Bathurst - the arrival of the Europeans 1813
The first Europeans walked the Bathurst plains in 1813 and were Assistant Surveyor George Evans and the members of his exploration team. The group included James Burns or Byrnes, John John Grover and John Tygh (or Tye).
The expedition left Emu Ford on the Nepean River near Penrith on November 20, 1813 and followed the tracks of the earlier explorers Gregory Blaxland, William Lawson and William Wentworth across the Blue Mountains.
After the crossing in early December, they It then proceeded along a rivre course which Evans named Fish River. Evans also found and named Sugarloaf, O'Connell Plains and Macquarie Plains, the Campbell River and Macquarie Rivers and Bathurst and Mount Pleasant Plains.
The main river was called Wambool by the aborigines but Evans was unaware of this and named it after Governor Macquarie.
The party returned safely to the Nepean River on January 8, 1814.
Evans' favourable account of what he had found encouraged the Governor Lachlan Macquarie, to settle the "new country". He commissioned William Cox a magistrate and landowner of Windsor, to take a party of convicts and build a road from Emu Ferry to the Bathurst plains.
Work started on July 18 and the was completed by January 14, 1815. Much of the construction was difficult but in other places little more was required than to find the best line and make basic improvements to it. Even so Cox's party performed one of the greatest feats of labour in Australian history an effort that is almost miraculous.
Cox chose the site of Bathurst and It developed at the place on the banks of the Macquarie River where he located his depot, the terminus of the road party and it was there that Macquarie formally declared the settlement's existence.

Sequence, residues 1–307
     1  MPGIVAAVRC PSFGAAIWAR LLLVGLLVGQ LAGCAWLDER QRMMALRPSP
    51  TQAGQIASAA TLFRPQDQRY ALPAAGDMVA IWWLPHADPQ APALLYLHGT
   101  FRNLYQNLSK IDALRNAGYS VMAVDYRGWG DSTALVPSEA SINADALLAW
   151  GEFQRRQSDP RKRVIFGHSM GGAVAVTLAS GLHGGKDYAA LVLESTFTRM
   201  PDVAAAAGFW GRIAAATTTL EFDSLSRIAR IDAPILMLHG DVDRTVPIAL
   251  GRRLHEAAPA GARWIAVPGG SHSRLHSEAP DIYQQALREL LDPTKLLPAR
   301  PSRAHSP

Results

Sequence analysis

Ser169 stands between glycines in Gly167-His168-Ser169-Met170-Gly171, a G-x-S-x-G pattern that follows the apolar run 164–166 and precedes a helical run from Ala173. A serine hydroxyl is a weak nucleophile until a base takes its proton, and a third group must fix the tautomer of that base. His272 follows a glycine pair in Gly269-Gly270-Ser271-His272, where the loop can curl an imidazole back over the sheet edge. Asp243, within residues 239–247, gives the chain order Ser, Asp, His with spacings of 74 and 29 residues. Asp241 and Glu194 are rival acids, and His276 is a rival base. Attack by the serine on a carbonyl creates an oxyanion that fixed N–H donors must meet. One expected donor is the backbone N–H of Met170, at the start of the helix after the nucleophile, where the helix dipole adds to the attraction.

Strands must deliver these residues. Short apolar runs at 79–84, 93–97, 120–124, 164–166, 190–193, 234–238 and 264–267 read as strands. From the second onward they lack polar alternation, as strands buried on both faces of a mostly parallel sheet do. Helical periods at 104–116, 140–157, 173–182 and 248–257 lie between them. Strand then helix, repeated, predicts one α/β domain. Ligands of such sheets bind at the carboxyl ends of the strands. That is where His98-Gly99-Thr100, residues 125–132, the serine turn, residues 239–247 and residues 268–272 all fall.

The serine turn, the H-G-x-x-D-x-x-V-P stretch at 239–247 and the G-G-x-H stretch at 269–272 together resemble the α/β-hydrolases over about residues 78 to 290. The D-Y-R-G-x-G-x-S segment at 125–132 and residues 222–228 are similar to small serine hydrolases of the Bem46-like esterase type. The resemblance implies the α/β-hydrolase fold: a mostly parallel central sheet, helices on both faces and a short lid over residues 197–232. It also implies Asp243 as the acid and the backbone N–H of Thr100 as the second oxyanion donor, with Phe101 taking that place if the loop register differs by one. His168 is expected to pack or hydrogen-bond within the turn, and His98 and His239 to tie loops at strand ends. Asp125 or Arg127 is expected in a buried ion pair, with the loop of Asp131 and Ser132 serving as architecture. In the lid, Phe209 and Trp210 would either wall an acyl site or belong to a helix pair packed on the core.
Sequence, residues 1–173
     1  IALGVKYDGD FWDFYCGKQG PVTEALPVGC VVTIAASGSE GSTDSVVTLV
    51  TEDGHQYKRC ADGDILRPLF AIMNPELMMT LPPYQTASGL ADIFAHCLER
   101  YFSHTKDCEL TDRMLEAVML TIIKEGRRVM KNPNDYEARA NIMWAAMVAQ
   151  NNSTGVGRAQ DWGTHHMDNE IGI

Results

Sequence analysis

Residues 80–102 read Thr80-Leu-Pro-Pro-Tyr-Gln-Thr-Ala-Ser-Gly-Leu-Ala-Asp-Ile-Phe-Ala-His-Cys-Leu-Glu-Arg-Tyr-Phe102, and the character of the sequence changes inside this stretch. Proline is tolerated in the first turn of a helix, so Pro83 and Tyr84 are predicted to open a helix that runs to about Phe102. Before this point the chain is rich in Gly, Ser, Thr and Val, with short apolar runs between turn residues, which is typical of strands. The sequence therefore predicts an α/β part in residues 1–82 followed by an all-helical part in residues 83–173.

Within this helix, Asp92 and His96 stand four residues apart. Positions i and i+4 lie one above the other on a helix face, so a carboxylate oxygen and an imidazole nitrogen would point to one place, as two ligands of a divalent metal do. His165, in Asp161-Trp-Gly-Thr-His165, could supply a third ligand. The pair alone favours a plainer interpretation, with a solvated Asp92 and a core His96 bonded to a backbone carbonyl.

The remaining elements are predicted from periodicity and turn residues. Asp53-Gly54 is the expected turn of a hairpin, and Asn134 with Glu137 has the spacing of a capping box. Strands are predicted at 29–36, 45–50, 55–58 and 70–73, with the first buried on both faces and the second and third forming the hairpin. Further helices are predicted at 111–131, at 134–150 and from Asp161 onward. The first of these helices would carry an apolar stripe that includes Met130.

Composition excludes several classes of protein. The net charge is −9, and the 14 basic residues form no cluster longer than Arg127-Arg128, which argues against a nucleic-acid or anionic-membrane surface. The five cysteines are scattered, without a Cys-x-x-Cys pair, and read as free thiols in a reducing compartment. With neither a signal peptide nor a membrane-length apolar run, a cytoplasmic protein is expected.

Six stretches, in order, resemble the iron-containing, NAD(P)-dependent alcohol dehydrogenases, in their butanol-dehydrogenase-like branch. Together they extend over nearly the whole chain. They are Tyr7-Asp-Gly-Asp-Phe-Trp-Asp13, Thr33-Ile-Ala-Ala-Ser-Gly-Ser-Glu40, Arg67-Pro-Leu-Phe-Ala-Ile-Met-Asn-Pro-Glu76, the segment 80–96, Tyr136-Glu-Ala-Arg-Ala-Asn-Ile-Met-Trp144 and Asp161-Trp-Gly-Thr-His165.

Macquarie arrived on an inspection of the new road and depot on May 4, 1815 and on May 7 he assembled the whole population, raised the flag, ordered a volley to be fired, and the site of the future town of named in honour of the Secretary of State for War and the Colonies, Lord Bathurst.
Seventy-five people were present thirty-six had which he come with the Governor in his retinue and the others were convicts, soldiers and civil officers whose duties required them to reside at the depot.
The proclamation site was on the left bank of the river and around the flagpole and where the official settlement developed. When free settlers arrived they were restricted to the right (eastern) bank and so an unofficial village began to take shape to cater for the normal needs of the community.
Every years Bathurst celebrates Proclamation Day. MORE INFO
The first group of agricultural grantees were James and John Blackman, Richard Neville. William Thomas Kite, Thomas John Godden George Cheshire and John Abbott, who were located on small farms along the river. They came in 1818. Macquarie favoured men of this kind, free settlers and ex-convicts of good character because he thought that ultimately they would serve the country better than the pastoralists.
They were supposed to be the first of many but Macquarie's policies were changed by his successor Sir Thomas Brisbane, and the expected numbers did not come.
The centre of the eastern village was the place where roads and tracks converged. The main ones were the road from Sydney which originally followed the Fish River and the Macquarie but soon struck across the plains from the crossing place where the village of O'Connell later developed; the track to the limekilns; and the road to the ford and the western bank of the Macquarie River. After 1827 these were joined by Major Sir Thomas Mitchell's new road from Mount Lambie, which is now the highway to Sydney. On the government side the earliest roads were towards the south and Queen Charlotte's Vale (now Perthville) but soon there were tracks leading north and west.